Just three days ago (7 July), Disney sent everyone into a frenzy when it unveiled its trailer for the upcoming live-adaption film:
Featuring the ever-iconic female-injects-testosterone-and-does-bench-press-to-save-her-father Hua Mulan, the trailer sparked nostalgia, amazement and sheer admiration alike as fond memories of the 1998 animated classic were invoked.
Here, you can check it out down below:
Yet, despite the flawless beauty of the film’s lead, Liu Yi Fei, and the beautiful cinematography that gripped the trailer in place, a portion of viewers couldn’t help but express dissent at one glaring aspect:
Where are the crowd favourites, Mushu and Li Shang?
After all, as a YouTube viewer so aptly puts it:
Well, we can only hope that the trailer simply pulled a leaf from Marvel’s book.
Misleading audiences and whatnot.
Though with the cast members all but confirmed, you’ll do well not to have overly lofty expectations about it all.
But here’s the thing;
If you’re well-versed with Mulan’s history (the actual literal one, and not the 1998 one with dancing soldiers), you’ll know that the trailer actually set things… well, straight. After all…
There were no dragons and handsome generals in the original story.
According to World Of Buzz, the original Mulan story has two versions. The first, very interestingly, actually started off as a poem.
Dating some 1400++ years back, the legend of Hua Mulan, the Chinese warrior from the Northern and Southern Dynasties Period, was written in the 6th century by an unknown poet.
Named The Ballad of Mulan, the poem consisted of just 360 words, and featured the same primary gist as the 1998 movie: when one male from each family was summoned to serve in the army to defend the country against invaders, Mulan took her weak and old father’s place.
A core difference, however, was that instead of having a younger sister as according to Disney, she actually had a younger brother, who was just a child at the time.
You can read the poem here if you wish.
A more detailed version
One thousand years later, the playwright Xu Wei wrote a play called “The Female Mulan Goes To War in Place Of Her Father”, which served as a more detailed rendition.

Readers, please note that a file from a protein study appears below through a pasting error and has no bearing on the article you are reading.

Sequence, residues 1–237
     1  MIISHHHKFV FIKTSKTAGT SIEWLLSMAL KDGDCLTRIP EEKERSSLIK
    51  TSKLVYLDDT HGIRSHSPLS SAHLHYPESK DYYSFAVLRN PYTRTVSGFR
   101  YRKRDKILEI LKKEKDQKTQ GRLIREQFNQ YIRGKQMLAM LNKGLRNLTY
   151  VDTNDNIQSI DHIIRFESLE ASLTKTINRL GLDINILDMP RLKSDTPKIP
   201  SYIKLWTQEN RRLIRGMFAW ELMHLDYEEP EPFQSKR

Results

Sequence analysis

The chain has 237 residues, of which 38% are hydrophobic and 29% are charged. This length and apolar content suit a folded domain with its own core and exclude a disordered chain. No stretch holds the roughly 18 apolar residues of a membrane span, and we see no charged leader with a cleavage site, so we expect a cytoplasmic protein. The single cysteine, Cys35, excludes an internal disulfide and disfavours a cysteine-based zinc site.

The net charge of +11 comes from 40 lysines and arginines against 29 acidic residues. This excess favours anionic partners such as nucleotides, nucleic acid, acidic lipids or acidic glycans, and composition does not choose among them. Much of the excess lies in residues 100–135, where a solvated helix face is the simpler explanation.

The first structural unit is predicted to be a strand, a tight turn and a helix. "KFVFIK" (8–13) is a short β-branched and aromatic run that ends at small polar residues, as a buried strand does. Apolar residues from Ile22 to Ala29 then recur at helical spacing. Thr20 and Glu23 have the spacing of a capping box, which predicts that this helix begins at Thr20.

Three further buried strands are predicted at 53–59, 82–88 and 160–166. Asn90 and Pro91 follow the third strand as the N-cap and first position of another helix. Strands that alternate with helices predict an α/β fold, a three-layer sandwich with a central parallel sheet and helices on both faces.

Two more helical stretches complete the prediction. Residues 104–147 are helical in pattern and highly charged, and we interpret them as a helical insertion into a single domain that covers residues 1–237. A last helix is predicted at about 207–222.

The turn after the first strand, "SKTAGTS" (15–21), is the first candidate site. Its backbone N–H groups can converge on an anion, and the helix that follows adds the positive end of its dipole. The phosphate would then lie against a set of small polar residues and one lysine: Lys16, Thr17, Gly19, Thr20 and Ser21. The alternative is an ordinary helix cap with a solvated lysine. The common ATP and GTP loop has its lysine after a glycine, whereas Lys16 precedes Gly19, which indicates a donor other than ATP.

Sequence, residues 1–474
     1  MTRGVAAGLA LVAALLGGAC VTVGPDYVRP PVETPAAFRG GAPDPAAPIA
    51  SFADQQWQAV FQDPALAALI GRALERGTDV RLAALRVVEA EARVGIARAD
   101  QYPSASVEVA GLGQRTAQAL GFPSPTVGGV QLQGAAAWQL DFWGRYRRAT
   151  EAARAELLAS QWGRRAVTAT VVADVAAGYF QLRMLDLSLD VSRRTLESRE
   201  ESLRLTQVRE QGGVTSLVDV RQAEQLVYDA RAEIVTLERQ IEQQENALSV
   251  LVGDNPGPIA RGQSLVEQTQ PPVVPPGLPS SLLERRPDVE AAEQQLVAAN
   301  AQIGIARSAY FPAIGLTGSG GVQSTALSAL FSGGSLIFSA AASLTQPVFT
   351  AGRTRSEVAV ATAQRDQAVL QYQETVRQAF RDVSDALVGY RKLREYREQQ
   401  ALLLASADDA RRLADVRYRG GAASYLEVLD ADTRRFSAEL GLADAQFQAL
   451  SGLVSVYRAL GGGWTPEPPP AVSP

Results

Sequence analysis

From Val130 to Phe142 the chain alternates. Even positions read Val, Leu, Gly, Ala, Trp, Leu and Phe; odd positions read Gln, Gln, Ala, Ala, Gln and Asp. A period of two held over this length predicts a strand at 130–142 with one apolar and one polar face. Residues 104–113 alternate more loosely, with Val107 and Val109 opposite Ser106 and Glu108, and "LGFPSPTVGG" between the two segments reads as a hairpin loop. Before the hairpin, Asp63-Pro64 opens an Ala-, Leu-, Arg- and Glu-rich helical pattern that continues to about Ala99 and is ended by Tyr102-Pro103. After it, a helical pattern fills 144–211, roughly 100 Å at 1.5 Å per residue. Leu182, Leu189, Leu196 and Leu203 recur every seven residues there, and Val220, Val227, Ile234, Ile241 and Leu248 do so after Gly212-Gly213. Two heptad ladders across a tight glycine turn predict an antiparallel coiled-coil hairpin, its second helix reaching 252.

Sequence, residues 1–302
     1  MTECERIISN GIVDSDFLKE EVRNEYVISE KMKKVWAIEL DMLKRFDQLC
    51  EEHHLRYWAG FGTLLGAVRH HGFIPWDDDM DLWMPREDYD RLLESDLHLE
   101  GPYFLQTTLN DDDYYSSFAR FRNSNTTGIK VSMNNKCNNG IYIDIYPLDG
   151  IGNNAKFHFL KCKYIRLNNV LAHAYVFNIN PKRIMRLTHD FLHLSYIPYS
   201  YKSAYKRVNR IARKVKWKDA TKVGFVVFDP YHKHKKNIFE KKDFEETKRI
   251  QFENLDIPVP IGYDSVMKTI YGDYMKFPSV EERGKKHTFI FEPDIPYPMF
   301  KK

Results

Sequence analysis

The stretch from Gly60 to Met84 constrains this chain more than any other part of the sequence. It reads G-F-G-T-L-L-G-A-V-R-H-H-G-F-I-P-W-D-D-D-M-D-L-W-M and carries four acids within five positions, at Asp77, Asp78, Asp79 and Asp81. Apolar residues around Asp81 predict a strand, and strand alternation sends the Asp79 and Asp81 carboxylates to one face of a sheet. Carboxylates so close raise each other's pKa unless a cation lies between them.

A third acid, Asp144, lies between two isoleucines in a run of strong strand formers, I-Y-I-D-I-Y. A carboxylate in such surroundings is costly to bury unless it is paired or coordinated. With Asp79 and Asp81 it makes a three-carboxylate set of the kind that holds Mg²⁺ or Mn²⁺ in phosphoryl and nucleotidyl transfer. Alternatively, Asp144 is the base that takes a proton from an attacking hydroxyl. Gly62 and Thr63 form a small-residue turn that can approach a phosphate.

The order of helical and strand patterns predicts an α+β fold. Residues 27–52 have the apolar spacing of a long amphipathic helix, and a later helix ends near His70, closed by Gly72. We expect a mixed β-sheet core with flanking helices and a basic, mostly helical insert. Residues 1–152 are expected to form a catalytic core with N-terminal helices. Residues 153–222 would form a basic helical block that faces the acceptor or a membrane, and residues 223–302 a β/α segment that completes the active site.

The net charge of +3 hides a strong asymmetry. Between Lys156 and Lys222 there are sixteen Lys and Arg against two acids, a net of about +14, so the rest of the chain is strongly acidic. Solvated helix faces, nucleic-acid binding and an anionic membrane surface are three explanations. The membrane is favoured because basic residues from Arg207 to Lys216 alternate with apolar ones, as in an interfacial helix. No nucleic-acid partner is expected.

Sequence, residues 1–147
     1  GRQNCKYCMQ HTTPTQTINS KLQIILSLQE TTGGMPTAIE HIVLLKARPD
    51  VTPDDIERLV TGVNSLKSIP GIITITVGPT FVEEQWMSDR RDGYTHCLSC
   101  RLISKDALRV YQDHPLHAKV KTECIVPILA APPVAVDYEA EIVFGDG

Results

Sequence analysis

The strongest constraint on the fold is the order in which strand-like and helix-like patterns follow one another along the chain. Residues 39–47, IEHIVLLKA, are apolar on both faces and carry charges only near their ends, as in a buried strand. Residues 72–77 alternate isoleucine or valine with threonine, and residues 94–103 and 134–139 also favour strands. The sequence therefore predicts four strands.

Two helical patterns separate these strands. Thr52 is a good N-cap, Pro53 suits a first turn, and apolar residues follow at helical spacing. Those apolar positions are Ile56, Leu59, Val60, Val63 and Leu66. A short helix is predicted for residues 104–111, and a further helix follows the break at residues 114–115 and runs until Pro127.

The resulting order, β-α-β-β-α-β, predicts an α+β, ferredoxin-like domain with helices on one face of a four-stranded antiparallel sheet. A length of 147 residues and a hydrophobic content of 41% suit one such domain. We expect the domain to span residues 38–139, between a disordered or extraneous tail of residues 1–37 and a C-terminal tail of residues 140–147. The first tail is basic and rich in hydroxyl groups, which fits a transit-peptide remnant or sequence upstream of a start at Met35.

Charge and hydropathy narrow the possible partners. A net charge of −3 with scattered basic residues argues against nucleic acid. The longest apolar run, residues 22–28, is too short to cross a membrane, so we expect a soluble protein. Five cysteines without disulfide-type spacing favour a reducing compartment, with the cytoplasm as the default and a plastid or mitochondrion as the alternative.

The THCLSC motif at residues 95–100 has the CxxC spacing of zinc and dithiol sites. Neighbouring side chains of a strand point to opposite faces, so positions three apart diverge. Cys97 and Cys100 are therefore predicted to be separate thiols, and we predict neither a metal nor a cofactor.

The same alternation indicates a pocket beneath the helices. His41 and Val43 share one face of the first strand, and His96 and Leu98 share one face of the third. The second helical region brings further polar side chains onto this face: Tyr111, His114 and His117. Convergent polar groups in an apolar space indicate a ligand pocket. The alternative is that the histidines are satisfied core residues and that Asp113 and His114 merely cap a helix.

In the play, Mulan starts off as a 17-year-old who’s pretty good at weaving. Unlike the 1998 classic, however, she’s already a total badass when it comes to fighting, with martial arts, sword fighting and archery skills all under her belt, having been taught them by her father since young.
According to the play, Mulan’s father was summoned to participate in the war because of a bandit named Leopard Skin, who posed a threat to the emperor (in the Disney movie, the Huns were the ones posing a threat).
With her repertoire of combat-ready skills, she opts to replace her father out of filial piety. There were some accounts that alleged that she had dressed as a man and challenged her father for the right to take his place, but those sources ultimately remain unverified.
In the play, Mulan also served the army for a long time.
12 years, to be exact.
Having concealed her gender, she waited till everything was done and dusted, and the villain’s ass kicked, before choosing to hang up her shield. Mulan’s commander had wanted to reward her by offering her the position of court officer, but the female warrior declined.
Instead, she asked for a horse to return to her hometown, and once she reached home, she left the house dressed in fully female clothing.
Upon seeing the valiant warrior’s real identity, Mulan’s escorts were allegedly surprised, though this soon gave way to sheer admiration.
Wonder Woman, who?
And now that you know the ‘truth’…
Now, do not be mistaken: the 1998 Mulan movie is an undeniable classic in its own right.
But the fact remains that Mushu, Li Shang and even the primary antagonist, Shan Yu, were not part of the original setup.
And so, this leads to my point: sure, it’ll be great if the actual live-adaptation film features our favourite trio, but even if it doesn’t…
It’ll at the very least, be staying true to its roots. And from what Disney has shown us, I’m pretty sure it’ll be more than good enough too.
And so, let’s all appreciate a little Mulan nostalgia here…
As we look forward to March next year.
Look out Huns…
You’re going down.
P.S. Liu Yi Fei ftw.
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